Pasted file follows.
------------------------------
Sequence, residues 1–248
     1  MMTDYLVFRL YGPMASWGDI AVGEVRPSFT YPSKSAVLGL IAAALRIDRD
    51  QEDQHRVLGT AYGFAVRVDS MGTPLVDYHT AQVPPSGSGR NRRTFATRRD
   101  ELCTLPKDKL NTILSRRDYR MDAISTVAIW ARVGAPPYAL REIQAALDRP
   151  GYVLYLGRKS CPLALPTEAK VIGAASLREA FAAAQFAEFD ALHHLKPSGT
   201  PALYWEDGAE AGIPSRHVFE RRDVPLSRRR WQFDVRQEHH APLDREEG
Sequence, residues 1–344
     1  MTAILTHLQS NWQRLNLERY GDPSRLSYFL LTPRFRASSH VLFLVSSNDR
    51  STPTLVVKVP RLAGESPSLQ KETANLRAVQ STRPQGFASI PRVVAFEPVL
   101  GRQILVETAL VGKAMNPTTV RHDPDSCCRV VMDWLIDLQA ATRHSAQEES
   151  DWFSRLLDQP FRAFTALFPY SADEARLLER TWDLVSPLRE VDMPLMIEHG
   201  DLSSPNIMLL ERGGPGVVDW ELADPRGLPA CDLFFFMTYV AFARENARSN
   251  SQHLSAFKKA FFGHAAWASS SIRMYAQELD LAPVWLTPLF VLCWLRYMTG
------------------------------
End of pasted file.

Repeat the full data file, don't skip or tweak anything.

Sequence, residues 1–248
     1  MMTDYLVFRL YGPMASWGDI AVGEVRPSFT YPSKSAVLGL IAAALRIDRD
    51  QEDQHRVLGT AYGFAVRVDS MGTPLVDYHT AQVPPSGSGR NRRTFATRRD
   101  ELCTLPKDKL NTILSRRDYR MDAISTVAIW ARVGAPPYAL REIQAALDRP
   151  GYVLYLGRKS CPLALPTEAK VIGAASLREA FAAAQFAEFD ALHHLKPSGT
   201  PALYWEDGAE AGIPSRHVFE RRDVPLSRRR WQFDVRQEHH APLDREEG
Sequence, residues 1–344
     1  MTAILTHLQS NWQRLNLERY GDPSRLSYFL LTPRFRASSH VLFLVSSNDR
    51  STPTLVVKVP RLAGESPSLQ KETANLRAVQ STRPQGFASI PRVVAFEPVL
   101  GRQILVETAL VGKAMNPTTV RHDPDSCCRV VMDWLIDLQA ATRHSAQEES
   151  DWFSRLLDQP FRAFTALFPY SADEARLLER TWDLVSPLRE VDMPLMIEHG
   201  DLSSPNIMLL ERGGPGVVDW ELADPRGLPA CDLFFFMTYV AFARENARSN
   251  SQHLSAFKKA FFGHAAWASS SIRMYAQELD LAPVWLTPLF VLCWLRYMTG